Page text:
Care Subcommittee, issued the following statement commemorating April as National Minority Health Month.
“America is made stronger when each and every one of us is able to reach their highest potential. Part of what the federal government can and has done to help Americans give back to this great country is ensure that everyone has access to quality and affordable health care. Unfortunately, in the land where ‘all men are created equal’, one’s race and ethnic background has too often been an impediment to receiving lifesaving medical diagnosis and treatment. In Baltimore, the city in which I was born, living in an African-American neighborhood instead of a white neighborhood, separated by only a few miles away can impact life expectancy by as much as 30 years.
“This is unacceptable. During my time in Congress I have worked with whomever was willing to help shrink this startling and deadly disparity. I fought hard to make sure the Affordable Care Act protected all Americans, especially those whose unique health care needs had previously not been prioritized as highly as it should have been. From preventive screenings and ending the penalization of individuals with preexisting conditions, to amply funded community health centers and a myriad of other provisions, the Affordable Care Act is making headway in shrinking the preventable health disparities that exist in this, the richest state, in the richest nation on Earth. As a Senator with a long-standing record of working to promote health equity, including my legislation establishing Offices of Minority Health throughout HHS and elevating NIH’s National Center on Minority Health and Health Disparities to an Institute, I am proud of the work Congress has done in recent years, but I am form from satisfied.
“Currently, over 26 million Americans suffer from diabetes. However, both American-Indians and Alaska Natives as well as African-Americans are twice as likely to be diagnosed and are twice as likely to die from diabetes as non-Hispanic whites. African-Americans are also 2.7 times as likely to face diabetes related end-stage renal disease as non-Hispanic whites and are more likely to suffer complications like lower extremity amputations. Obesity, which contributes to many diabetes diagnoses, as well as related heart conditions, is also more prevalent in minority communities. And, according to the Department of Health and Human Services, in 2012, African-American and American Indian/Alaskan Native adults were 20 and 70 percent more likely, respectively, to have asthma versus non-Hispanic whites. Puerto-Ricans face even higher rates of asthma, even within the larger Latino community.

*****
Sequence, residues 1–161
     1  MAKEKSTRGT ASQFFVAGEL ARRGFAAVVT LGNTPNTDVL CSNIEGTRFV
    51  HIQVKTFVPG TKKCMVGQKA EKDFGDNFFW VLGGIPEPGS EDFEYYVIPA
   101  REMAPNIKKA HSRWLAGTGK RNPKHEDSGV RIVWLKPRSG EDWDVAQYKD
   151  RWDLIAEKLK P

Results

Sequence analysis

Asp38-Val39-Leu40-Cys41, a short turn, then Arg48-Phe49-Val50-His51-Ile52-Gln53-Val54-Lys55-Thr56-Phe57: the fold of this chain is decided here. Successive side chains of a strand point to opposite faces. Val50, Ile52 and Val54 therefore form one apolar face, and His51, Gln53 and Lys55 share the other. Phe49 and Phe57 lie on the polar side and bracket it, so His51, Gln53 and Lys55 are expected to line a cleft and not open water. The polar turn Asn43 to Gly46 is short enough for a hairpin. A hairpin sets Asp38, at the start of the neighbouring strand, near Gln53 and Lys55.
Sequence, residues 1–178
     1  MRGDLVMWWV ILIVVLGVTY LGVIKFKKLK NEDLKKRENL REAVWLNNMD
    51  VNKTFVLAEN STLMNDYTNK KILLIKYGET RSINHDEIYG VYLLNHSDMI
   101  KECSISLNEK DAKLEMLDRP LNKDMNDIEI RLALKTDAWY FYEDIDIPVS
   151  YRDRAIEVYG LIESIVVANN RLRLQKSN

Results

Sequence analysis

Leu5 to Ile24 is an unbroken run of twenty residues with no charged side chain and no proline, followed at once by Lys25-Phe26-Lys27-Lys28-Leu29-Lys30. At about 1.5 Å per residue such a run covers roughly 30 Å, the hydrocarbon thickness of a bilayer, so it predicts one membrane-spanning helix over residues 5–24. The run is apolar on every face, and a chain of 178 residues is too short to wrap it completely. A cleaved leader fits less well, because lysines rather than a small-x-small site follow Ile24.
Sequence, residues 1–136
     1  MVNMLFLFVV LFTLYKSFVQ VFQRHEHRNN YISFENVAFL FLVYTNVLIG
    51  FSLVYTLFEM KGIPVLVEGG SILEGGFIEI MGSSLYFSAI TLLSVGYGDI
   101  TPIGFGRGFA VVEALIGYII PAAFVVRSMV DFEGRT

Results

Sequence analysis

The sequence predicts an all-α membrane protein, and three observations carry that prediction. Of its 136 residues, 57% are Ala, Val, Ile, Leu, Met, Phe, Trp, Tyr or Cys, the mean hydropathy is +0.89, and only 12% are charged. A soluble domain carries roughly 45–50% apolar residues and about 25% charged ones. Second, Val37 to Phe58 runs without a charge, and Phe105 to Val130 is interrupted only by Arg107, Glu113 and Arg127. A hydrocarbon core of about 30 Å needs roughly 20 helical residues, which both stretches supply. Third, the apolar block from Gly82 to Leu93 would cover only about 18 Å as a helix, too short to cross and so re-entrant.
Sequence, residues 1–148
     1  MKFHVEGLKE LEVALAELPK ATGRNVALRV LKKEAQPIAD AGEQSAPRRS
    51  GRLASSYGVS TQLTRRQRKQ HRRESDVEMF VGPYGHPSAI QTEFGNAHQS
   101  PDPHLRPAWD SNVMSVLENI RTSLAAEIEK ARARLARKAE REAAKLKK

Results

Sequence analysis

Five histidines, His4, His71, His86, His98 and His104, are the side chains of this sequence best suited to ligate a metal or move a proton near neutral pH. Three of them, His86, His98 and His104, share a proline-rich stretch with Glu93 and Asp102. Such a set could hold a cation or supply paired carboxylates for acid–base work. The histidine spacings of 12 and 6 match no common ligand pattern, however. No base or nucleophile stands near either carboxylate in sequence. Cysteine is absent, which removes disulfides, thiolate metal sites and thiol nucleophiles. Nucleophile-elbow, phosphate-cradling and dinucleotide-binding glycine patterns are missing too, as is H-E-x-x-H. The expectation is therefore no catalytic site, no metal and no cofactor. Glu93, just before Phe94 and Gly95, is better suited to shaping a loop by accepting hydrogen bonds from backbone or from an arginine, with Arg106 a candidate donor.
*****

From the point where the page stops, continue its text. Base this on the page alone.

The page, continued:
“This Minority Health Month and throughout the year, I am committed to shrinking the health disparities that exists in all minority communities. I will continue to fight for the resources to allow the National Institutes of Health to do the important work they do on behalf of minority populations that others cannot. As a senior member of the Environment and Public Works Committee, I will remain steadfast in my advocacy for clean air and clean water, things that we know contribute to overall health in all Americans. On the Finance Committee I will ensure that doctors and individuals have the security they need to provide and seek quality care. I look forward to working with all of my Congressional colleagues, on both sides of the aisle, to improve minority health in America. Minority health is not just a minority issue. If any segment of our population is not given the resources to reach its full potential, the entire nation suffers the consequences. This is especially true when speaking about improving minority health in America.”